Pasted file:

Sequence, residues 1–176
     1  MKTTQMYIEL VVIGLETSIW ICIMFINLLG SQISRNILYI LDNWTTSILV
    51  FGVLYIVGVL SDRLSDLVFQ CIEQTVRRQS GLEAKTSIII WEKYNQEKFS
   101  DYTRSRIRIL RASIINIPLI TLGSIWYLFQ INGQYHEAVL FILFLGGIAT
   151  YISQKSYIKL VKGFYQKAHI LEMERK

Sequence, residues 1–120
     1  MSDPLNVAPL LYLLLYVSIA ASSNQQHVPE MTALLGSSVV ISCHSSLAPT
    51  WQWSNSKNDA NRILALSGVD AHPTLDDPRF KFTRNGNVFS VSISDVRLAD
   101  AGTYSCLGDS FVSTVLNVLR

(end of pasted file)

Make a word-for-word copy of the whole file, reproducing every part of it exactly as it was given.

Sequence, residues 1–176
     1  MKTTQMYIEL VVIGLETSIW ICIMFINLLG SQISRNILYI LDNWTTSILV
    51  FGVLYIVGVL SDRLSDLVFQ CIEQTVRRQS GLEAKTSIII WEKYNQEKFS
   101  DYTRSRIRIL RASIINIPLI TLGSIWYLFQ INGQYHEAVL FILFLGGIAT
   151  YISQKSYIKL VKGFYQKAHI LEMERK

Sequence, residues 1–120
     1  MSDPLNVAPL LYLLLYVSIA ASSNQQHVPE MTALLGSSVV ISCHSSLAPT
    51  WQWSNSKNDA NRILALSGVD AHPTLDDPRF KFTRNGNVFS VSISDVRLAD
   101  AGTYSCLGDS FVSTVLNVLR